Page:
In a speech in 2008, Mike Huckabee declared, “Aerodynamic engineers once figured out that… it is aerodynamically impossible for the bumble bee to fly. But the bumble bee, being unaware of these scientific facts, goes ahead and flies anyway.”
Creationists and other anti-science factions like to gleefully toss around this little tidbit. To them, this ridiculous notion underscores the folly of scientists, a useless, arrogant group that cannot prove anything of real value.
To these people, I will not mention vaccines, or computers, or electricity, or any of the other ways in which science has enriched their lives. I will not bring up the fact that while there are many phenomena unexplained by science, this doesn’t discredit the field, but rather gives job security to future scientists like myself. What I will say is that this idea that it is scientifically impossible for bumble bees to fly is, in fact, false. For some more details, here’s an article written by Cecil Adams, the self-described “world’s smartest human.”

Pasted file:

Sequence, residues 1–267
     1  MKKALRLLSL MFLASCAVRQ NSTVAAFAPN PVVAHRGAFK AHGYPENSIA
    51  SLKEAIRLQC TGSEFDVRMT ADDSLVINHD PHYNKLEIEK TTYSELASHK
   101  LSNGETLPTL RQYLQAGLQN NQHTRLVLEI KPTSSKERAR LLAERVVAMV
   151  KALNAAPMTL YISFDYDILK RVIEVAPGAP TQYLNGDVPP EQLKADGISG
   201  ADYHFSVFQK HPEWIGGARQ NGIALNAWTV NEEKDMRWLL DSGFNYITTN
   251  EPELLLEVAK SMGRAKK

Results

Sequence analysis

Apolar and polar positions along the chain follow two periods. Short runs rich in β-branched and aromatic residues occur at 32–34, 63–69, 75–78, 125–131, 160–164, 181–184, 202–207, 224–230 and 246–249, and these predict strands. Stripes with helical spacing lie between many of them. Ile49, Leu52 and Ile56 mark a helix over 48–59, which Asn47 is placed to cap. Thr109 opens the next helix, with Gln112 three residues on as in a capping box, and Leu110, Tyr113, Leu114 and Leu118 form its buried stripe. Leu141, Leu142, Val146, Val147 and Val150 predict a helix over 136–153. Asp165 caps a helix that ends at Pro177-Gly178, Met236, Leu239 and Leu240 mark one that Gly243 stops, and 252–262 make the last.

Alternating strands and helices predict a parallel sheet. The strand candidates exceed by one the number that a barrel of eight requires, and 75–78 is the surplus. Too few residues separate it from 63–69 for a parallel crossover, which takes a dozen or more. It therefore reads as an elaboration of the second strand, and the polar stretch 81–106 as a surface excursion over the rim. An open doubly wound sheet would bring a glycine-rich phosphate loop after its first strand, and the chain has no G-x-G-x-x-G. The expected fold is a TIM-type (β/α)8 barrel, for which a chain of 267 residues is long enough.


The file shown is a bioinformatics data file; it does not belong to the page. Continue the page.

During a 2010 trip to Punta Arenas, Chile, however, I caught sight of a bee so large that I had to admit its flight seemed an impossibility.
It’s a shame that there is no size reference in this photo. In the magical realm of memory, I seem to remember it being between the sizes of a jumbo gumballs and a table tennis ball. This bee, which, to the annoyance of my host, I kept referring to as “la abeja más grande que he visto,” is clearly a Bombus as evidenced by her large, fuzzy body; the wings folded across the back; and the smooth, flattened hind legs (or corbicula).
While I have not been able to ascertain the exact species of this bumble bee, from an informal communication I have learned that it is native to Chile. In recent years, populations these beautiful giants, as well as other bumble bees in North and South America, have been dwindling. Robbin Thorp, a bee expert from UC Davis, thinks that the main reason for these declines has to do with the use of domestic bumblee bee colonies to pollinate crops. Let’s hope that we will find ways to save these bumbling creatures so that they can continue their not-so-impossible flight for generations to come.
Wait– domestic bumble bees, you say? Please tune in next week to hear about the practice of keeping bumble bees and how it might affect the natives.